When You Inspect a House

Before calling in the pros, do your own inspection. In so doing, you may be able to avoid the aggravation of making a bid on a house, hiring an inspector, and then learning the house is not worth your investment or that it will cost you a fortune to bring it up to par. This does not replace the role of an inspector; this is to help you weed-out homes when house hunting.

You will likely go through many homes in your search for the right one for you. Some you will be in and out of in five minutes, maybe less. A very few you will walk through, pause here and there, perhaps ask some questions of the agent, and take the agency's computer printout on the place so that you can remember the details — the number of rooms, property taxes, and the like. “Hmmm,” you think, “this one is a possibility.”

On your second, or even third, visit to the house you think has real potential, you should get down to the nitty-gritty and really look at it. On this visit, wear old clothes and bring a flashlight with a bright beam, a yardstick or tape measure, a marble or small ball, a pocketknife or ice pick, and a pad and pencil.

Before you head for the house, jot down some questions you still need answered by the sellers. Perhaps they will be out at the time of your visit, but the real-estate agent can relay those queries for you.

You might also note any special problems or concerns you are likely to have with any house you buy. Do you need room for a piano? Will the girls' room be large enough for their twin beds?

What to Look For

The things you are checking will be gone over more thoroughly by a house inspector, so when you come face to face with a system or house feature you do not understand, just move on; leave it for the pros. The following sections will give you an idea of what you should be looking for.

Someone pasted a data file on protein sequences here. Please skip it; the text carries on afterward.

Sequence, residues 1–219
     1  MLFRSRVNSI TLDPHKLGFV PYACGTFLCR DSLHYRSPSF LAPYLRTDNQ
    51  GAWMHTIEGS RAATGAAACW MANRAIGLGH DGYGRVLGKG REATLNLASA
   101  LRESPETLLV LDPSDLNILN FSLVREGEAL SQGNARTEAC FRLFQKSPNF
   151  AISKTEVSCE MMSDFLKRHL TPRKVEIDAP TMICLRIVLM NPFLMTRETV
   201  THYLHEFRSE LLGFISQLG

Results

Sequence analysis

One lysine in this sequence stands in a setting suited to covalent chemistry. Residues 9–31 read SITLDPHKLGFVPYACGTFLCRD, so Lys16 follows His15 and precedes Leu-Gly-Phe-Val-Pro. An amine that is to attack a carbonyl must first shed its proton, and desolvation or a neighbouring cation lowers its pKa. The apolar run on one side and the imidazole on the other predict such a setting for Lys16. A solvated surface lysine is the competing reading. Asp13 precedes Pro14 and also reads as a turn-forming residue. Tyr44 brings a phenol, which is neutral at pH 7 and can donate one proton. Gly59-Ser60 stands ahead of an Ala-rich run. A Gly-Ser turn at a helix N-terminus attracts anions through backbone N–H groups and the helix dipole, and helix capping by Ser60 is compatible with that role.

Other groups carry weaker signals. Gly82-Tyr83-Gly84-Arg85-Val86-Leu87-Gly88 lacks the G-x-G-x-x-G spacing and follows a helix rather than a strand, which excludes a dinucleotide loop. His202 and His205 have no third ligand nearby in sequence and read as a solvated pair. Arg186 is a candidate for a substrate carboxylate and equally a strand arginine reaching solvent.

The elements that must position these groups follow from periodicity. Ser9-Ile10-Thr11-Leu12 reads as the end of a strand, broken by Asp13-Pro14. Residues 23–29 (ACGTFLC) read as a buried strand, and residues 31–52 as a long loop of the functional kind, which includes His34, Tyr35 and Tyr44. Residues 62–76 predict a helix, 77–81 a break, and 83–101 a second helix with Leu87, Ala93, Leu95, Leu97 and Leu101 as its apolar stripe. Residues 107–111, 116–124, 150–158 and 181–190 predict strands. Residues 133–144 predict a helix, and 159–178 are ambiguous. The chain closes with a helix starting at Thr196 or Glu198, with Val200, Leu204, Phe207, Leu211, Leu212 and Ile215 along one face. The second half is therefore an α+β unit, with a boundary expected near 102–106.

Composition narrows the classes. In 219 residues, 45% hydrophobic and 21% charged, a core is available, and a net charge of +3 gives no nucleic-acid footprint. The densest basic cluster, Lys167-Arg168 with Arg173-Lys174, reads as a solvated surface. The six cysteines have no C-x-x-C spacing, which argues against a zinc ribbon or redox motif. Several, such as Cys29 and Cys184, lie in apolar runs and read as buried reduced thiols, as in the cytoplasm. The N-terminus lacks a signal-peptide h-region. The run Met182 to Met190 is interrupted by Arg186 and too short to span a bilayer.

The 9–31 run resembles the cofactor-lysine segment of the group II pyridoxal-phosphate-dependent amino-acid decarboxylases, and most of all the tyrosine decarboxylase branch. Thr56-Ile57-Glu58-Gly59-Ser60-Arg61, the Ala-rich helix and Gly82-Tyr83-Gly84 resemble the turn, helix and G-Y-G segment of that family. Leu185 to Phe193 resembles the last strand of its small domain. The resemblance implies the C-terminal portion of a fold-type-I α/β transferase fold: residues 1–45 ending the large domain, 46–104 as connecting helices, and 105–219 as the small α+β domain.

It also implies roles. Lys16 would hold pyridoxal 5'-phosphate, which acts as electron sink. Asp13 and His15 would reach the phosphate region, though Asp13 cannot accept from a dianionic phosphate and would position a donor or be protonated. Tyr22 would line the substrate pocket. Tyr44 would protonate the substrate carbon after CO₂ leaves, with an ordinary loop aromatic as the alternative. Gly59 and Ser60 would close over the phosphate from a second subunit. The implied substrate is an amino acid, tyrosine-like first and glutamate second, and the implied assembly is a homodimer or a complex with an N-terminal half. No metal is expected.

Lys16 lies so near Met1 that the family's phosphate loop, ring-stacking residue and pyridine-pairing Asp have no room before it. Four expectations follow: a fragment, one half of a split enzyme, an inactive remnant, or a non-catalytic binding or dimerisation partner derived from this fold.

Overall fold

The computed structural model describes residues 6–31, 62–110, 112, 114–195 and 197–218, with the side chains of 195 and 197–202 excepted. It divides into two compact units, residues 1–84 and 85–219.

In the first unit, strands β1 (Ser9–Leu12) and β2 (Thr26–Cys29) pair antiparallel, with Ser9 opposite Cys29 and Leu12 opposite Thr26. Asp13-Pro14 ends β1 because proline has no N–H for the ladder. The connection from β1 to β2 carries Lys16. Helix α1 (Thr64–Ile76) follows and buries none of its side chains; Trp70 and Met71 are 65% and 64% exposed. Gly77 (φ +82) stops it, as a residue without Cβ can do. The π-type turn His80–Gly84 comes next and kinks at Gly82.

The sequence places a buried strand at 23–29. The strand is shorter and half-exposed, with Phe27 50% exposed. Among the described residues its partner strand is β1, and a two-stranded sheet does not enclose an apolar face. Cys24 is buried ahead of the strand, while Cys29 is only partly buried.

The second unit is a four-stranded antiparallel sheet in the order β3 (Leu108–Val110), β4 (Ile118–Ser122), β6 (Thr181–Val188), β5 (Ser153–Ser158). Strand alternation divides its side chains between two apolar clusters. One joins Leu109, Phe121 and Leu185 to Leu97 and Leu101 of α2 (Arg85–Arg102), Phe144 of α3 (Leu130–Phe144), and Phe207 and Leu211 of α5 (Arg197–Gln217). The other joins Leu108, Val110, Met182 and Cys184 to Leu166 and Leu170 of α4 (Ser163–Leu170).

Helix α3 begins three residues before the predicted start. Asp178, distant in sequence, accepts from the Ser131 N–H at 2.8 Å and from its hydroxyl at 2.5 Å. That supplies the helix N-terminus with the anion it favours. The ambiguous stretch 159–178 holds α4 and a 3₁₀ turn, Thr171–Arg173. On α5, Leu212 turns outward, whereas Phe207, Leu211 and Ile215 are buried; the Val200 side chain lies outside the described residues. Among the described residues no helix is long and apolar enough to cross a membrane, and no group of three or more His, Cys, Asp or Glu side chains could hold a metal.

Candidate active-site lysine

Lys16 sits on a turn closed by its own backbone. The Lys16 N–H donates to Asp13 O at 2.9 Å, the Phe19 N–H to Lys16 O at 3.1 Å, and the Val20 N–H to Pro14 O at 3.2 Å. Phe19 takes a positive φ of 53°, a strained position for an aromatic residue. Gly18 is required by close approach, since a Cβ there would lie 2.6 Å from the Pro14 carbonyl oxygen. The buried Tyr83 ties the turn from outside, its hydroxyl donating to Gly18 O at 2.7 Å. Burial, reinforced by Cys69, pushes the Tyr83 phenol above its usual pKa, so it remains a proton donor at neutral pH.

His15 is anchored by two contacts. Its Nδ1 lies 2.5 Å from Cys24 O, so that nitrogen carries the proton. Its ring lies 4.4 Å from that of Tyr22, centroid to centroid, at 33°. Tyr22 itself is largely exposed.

Most issues are common around the country, such as improper drainage around the house, roofing leaks, improper electrical, or older plumbing. Poor workmanship is not confined to any geographic location, either, says Brion Grant, 2008 ASHI president.

Look for large cracks in the foundation walls that can be seen from both inside and outside the basement. A house with a serious settling problem will have doors and windows that bind and diagonal cracks in the wallboard or plaster, especially above doors and windows. Repairing the problem is very expensive.

The Foundation

The foundation is any construction that is below or partly below the ground level and upon which the house is built. It could be a concrete slab, walls, and a crawl space or a full basement. The most common materials in today's construction are concrete, concrete block, and cinder block. In very old houses, stone is most common. To prevent termite infestation and dry rot, all wood parts of the house should be at least 6′ off the ground. Hairline cracks in the slab that are visible as you walk around outside are not usually a cause for alarm — all houses settle somewhat. Major separations or extensive crumbling, though, should make you nervous. If a footing sinks, leaving the support of the structure uneven, the soundness of the house and every working system in it can be endangered.

The Crawl Space

A foundation that lifts the house 18″–36″ off the ground is called a crawl space. It is most often built of concrete block or cinder block. The floor of this area is often the ground itself. If this is the case, serious moisture problems can occur, especially if ventilation is inadequate. At least one foundation wall vent should be built in at each corner, with all four ventilators being kept open year round.

A wet crawl space can cause joists to rot and can send harmful ground vapors up into the house, causing mildew and dampness. Adequate ventilation can often correct the problem. If the space is floored and heated, venting is unnecessary.

Crawl spaces are difficult to inspect, and many homebuyers just do not bother. If you do not want to check the crawl space, make sure that an inspector does it for you. (Some of them want to skip this, too.) The inspector should look for standing water on the ground, especially near the walls and in the corners. When he pokes at beams, an ice pick should not sink into the wood — that could be a sign of termites or dry rot. The inspector should also look for rodents' nests.

The Basement

Here is where you will see more of the working systems of the house than anywhere else. One thing to look for is dryness. Basement dampness (as opposed to standing water) is often due to condensation, which can be corrected with a dehumidifier.